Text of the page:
BASW calls for green paper to help social workers deliver equality of care

The association has responded to Jeremy Hunt’s green paper principles announced in March

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Social workers’ judgements should not be compromised by a lack of resources, the British Association of Social Workers (BASW) have said.

The group’s Initial Position Paper, published this week, outlined what it thought this summer’s green paper on adult social care needs to achieve from a social work perspective.

The paper said “sufficient funding” was required for social care “to promote full and equal citizenship” and warned that two-tier systems, where different groups receive different quality of service, must be avoided.

It also called for continued support for social workers to work preventatively and advise on development.

Respecting human rights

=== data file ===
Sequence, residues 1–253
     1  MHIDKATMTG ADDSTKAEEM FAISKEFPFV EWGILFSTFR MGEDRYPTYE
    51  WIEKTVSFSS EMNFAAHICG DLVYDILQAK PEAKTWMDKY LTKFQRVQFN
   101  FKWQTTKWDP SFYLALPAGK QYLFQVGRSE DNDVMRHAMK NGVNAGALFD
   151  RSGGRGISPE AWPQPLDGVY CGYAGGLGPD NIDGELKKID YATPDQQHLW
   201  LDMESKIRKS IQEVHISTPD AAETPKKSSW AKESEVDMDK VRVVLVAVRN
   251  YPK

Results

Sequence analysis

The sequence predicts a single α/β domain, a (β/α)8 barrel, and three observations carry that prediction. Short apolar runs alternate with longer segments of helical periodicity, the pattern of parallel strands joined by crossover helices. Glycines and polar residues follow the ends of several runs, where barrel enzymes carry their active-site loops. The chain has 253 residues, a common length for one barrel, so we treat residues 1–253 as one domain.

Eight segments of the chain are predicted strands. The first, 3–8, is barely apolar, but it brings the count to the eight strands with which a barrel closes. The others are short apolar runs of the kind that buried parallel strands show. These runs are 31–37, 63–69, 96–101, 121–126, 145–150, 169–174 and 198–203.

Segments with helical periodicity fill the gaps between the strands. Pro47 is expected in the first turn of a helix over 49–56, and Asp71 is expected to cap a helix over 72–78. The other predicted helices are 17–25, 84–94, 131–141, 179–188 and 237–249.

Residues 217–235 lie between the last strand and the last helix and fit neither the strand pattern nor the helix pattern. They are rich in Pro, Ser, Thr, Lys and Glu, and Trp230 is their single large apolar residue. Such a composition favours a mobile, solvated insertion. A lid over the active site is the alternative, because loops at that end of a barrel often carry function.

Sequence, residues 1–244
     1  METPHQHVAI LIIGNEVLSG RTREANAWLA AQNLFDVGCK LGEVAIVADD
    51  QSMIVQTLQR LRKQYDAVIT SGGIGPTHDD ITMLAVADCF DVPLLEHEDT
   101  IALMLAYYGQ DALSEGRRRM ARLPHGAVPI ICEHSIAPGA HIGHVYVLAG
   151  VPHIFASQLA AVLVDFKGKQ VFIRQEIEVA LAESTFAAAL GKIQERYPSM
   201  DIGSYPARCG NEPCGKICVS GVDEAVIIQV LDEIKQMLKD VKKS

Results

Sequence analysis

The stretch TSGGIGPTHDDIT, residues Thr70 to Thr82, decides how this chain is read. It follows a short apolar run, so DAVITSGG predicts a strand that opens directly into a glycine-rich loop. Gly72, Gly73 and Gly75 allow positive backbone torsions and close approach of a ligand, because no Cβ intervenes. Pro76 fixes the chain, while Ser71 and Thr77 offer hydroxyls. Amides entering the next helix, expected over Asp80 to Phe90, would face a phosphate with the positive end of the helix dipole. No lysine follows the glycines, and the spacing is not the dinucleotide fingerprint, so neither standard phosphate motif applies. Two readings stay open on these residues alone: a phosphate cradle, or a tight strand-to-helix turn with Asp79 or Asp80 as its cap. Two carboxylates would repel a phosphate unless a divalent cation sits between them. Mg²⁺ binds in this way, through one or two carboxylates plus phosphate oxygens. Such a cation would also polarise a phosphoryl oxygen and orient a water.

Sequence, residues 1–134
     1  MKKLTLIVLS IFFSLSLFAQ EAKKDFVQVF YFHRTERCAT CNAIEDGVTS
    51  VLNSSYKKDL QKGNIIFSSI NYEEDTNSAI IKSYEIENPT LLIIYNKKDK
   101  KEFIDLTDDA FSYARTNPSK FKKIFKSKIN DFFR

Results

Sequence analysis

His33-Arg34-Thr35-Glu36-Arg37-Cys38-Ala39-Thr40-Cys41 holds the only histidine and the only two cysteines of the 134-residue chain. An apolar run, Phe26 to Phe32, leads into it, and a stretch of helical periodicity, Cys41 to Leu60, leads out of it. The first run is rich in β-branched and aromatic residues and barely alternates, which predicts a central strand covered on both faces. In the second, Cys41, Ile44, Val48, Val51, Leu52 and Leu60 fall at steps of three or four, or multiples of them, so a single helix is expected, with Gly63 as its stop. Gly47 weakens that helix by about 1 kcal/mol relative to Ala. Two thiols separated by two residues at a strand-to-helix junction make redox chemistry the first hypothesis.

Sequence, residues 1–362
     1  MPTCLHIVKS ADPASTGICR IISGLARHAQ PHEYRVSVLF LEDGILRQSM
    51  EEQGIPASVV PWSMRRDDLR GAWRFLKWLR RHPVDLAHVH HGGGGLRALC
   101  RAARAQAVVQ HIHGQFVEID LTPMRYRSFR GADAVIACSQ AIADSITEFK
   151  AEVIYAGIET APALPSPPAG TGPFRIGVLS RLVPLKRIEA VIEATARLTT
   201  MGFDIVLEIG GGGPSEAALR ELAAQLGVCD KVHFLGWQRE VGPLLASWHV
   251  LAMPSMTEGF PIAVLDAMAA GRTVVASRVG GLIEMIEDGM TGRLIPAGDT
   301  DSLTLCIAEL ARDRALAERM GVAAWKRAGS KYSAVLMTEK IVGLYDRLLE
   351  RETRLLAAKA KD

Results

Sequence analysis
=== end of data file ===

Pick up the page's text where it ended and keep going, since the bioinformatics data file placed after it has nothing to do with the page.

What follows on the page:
A survey conducted on behalf of BASW found 89% of respondents agreed that the review needed to address the provision of “adequate and fair resources” in adult care.

The importance to respect the human rights of adults and carers in the green paper review was also highlighted. Meanwhile, more than 90% of respondents agreed that the green paper “needed to address person-centred care for adults”.

BASW’s paper stated that people who receive care and support must be “at the centre of the assessment and support planning process” to make decisions “transparent”. It advised that social workers should be allowed to make professionals judgments about care and support “in partnership” with service users and asked workers to “take a lead on rights-based and person-centred care”.

Equal partnership

During his speech on the green paper principles, Jeremy Hunt labelled the current relationship between the social care and health systems as “confusing and fragmented”. He said that individuals should have one plan that covered all their needs and continued to say that this would involve a “joint assessment” conducted by both systems.

The report responded to this principle by saying that integration should be “based on respect” between the “different and complementary offers” of both systems. Yet it highlighted that social care should be regarded as “an equal partner with health” in the collective aim to promote health and well being.

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